Naming

FIGURE 5. Lady 10 Eagle (left) and Lord 10 Eagle (right), from pages 1 and 5 of the Codex Selden.

FIGURE 5. Lady 10 Eagle (left) and Lord 10 Eagle (right), from pages 1 and 5 of the Codex Selden.

FIGURE 6. Lady 6 Monkey receives a new personal name, from page 8 of the Codex Selden.

FIGURE 6. Lady 6 Monkey receives a new personal name, from page 8 of the Codex Selden.

FIGURE 7. Lord 5 Reed

FIGURE 7. Lord 5 Reed “Warband Flint” (left) and Lord 5 Reed “Twenty Jaguars” (right), from pages 24 and 32 of the Codex Nuttall.

FIGURE 8. Lady 3 Jaguar

FIGURE 8. Lady 3 Jaguar “Jaguar Spiderweb” (left) and Lord 5 Flower “Warband Ballcourt” (right), from pages 11 and 5 of the Codex Selden.

If a first function of the calendar system was to record the passage of time, a second function was to provide names for individuals. People were named after the day on which they were born. If Americans used such a system, George Washington’s name would have been “22 February” and Benito Juárez’s name would have been “21 March.”1 Ñudzavui calendar names were depicted using the same dot-and-glyph system used for actual dates, and were not gender specific. Calendric names would be drawn next to the appropriate person. Figure 5 shows a woman (left) and man (right) both named 10 Eagle.

Because the ritual calendar only allowed for 260 possible names, individuals were given a “personal name” to differentiate them. In the screenfolds, these personal names were usually represented by a small drawing near—or worn or held by—the person in question. The Spanish chronicler Antonio de Herrera, writing in 1601, stated that personal names were given to a child by a priest on his or her seventh birthday, but he did not specify how such names were chosen.2 The one known depiction of a personal name-giving ritual is shown in Figure 6. The name-giving priest, Lord 2 Flower, stands on the left, holding a bunch of plants as he speaks. The name receiver, Lady 6 Monkey, sits on the right.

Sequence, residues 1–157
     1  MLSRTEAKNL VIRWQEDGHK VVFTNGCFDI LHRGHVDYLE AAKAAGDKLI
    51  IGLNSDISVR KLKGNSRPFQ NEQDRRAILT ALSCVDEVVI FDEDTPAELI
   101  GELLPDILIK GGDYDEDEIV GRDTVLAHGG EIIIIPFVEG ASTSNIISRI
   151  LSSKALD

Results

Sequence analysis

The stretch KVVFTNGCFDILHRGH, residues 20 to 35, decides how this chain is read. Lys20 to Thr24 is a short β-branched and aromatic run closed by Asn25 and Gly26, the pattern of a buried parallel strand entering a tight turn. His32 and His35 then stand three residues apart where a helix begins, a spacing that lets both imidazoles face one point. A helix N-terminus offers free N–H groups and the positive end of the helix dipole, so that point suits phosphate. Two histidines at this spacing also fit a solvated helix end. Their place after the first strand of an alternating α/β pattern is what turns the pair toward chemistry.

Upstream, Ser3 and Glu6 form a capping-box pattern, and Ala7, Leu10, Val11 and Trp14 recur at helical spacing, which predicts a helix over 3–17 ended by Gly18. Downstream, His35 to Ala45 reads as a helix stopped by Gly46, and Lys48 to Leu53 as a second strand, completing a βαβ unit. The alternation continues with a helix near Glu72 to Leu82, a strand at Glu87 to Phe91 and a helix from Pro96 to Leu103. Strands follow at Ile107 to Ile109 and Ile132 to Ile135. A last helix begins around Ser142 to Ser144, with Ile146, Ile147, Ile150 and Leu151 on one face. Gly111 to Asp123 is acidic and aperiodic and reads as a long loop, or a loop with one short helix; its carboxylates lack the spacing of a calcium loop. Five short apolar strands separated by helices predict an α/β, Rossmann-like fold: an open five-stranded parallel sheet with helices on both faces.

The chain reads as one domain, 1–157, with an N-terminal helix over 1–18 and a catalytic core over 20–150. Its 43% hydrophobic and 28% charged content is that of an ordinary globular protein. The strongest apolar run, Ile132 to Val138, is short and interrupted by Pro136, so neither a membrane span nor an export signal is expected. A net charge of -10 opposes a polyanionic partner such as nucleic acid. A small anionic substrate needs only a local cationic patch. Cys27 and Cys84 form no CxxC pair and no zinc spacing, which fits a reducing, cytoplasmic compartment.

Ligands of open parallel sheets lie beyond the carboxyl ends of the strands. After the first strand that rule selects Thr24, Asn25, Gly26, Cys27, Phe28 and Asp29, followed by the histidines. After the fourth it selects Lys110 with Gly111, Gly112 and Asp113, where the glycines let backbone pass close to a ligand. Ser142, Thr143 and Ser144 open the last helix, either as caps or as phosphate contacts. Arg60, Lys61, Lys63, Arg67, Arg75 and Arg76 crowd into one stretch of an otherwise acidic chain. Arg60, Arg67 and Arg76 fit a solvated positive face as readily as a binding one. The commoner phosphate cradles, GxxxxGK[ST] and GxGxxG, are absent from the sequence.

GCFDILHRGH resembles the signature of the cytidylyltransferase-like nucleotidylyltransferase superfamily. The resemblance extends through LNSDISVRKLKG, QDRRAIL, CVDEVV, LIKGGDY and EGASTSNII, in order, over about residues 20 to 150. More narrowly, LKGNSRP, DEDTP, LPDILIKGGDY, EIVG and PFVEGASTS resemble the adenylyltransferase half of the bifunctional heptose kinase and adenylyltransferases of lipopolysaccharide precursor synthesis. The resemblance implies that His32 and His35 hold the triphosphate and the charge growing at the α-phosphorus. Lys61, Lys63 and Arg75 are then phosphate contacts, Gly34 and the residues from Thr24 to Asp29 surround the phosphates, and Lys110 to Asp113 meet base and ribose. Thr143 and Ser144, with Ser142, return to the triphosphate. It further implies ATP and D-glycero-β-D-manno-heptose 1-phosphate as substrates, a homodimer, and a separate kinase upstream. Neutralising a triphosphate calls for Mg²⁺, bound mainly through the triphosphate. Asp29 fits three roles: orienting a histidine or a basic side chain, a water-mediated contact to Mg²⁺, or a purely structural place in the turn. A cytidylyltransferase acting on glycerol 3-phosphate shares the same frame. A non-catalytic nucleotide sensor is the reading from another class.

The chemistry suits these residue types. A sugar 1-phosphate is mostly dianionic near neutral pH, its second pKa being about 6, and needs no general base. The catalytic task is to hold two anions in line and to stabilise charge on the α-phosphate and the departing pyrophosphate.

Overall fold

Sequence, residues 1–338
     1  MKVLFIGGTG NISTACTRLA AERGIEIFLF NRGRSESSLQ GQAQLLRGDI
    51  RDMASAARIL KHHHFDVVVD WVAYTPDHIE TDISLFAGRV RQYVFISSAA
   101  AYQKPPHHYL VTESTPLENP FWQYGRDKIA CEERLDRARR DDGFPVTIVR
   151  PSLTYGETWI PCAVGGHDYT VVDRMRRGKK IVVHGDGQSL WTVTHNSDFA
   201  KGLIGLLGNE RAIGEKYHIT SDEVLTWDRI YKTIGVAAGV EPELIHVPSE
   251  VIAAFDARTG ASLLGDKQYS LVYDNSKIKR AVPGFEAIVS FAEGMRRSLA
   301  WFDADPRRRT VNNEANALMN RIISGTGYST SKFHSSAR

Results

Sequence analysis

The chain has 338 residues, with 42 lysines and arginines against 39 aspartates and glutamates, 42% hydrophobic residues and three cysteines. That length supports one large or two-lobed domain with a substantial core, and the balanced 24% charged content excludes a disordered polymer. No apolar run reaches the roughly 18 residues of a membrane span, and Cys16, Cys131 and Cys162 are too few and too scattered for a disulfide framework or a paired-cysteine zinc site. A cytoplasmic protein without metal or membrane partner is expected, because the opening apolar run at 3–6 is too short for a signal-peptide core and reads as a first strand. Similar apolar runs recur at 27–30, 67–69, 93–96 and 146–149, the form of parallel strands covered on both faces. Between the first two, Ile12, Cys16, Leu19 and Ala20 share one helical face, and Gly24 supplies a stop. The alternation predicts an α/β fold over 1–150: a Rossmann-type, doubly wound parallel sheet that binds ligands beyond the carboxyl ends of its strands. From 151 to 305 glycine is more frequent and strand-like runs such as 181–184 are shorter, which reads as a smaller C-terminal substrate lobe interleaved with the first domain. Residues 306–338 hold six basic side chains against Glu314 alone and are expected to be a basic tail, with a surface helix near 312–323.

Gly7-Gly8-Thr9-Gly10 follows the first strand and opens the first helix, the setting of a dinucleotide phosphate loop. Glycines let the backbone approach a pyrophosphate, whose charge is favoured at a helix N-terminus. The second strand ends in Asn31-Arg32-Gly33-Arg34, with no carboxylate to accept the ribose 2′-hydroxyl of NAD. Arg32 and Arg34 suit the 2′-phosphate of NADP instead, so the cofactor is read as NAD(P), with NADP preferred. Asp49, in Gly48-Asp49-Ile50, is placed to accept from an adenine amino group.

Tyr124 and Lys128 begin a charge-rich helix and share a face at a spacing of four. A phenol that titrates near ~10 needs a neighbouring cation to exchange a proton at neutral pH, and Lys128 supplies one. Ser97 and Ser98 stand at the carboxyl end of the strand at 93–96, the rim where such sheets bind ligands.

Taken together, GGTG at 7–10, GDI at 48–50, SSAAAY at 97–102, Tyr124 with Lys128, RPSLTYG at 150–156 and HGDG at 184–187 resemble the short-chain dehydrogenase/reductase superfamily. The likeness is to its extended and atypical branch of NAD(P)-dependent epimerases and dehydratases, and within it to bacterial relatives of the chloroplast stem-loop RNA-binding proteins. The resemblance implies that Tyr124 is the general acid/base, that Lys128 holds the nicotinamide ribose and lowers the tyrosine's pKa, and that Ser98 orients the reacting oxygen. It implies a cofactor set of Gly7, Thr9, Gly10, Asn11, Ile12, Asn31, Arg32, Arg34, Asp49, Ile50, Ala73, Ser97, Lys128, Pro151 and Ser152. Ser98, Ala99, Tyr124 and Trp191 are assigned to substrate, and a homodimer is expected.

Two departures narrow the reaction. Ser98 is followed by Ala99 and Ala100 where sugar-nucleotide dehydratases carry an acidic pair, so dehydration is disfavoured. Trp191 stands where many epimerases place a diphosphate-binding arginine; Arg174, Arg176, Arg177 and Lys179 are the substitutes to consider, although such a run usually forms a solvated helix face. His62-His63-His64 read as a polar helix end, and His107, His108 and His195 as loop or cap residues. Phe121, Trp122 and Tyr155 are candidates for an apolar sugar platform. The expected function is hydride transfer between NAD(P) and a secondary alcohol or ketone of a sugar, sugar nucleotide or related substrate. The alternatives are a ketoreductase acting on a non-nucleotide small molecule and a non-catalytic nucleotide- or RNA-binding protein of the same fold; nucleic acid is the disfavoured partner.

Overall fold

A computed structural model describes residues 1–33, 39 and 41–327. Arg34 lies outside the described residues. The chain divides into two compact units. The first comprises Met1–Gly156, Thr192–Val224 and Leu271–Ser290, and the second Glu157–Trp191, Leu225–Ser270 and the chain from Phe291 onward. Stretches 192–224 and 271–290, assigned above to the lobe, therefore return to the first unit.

Her new personal name is “Warband Quechquemitl,” indicated by the chevron-patterned triangular cape she wears. This name giving ceremony is unusual, because in this picture Lady 6 Monkey is not a child of seven. She is an adult, and she is receiving her second personal name (perhaps as a result of her victories in battle). Her previous personal name—presumably the one she was given at age seven—was “Serpent Quechquemitl,” and it is indicated by the drawing to her right of a v-shaped quechquemitl marked with a serpent’s head and flint and feather tail.

Lady 6 Monkey is one of the few individuals in the screenfolds with more than one personal name. Most people in only have one, and it is used consistently from page to page, and even from screenfold to screenfold. This regularity is very useful in recognizing different people. Consider Figure 7. Although both men are named Lord 5 Reed, their personal names are different. The man on left is Lord 5 Reed “Warband Flint” (with the personal name held). The man on the right is Lord 5 Reed “Twenty Jaguars” (with personal name drawn to the side).

Unlike calendar names, personal names do have a few gender-specific forms. Only women have personal names using spiderwebs and quechquemitls (the triangular garment that Lady 6 Monkey wore). Only men’s names incorporate ballcourts (Figure 8). Most other personal name elements, like flowers, smoke, birds, and jaguars, are used by both men and women.

Divination >
________________________________________________________________________________________

1 Analogy in Smith 1973, 27.

2 Herrera 1947, 321.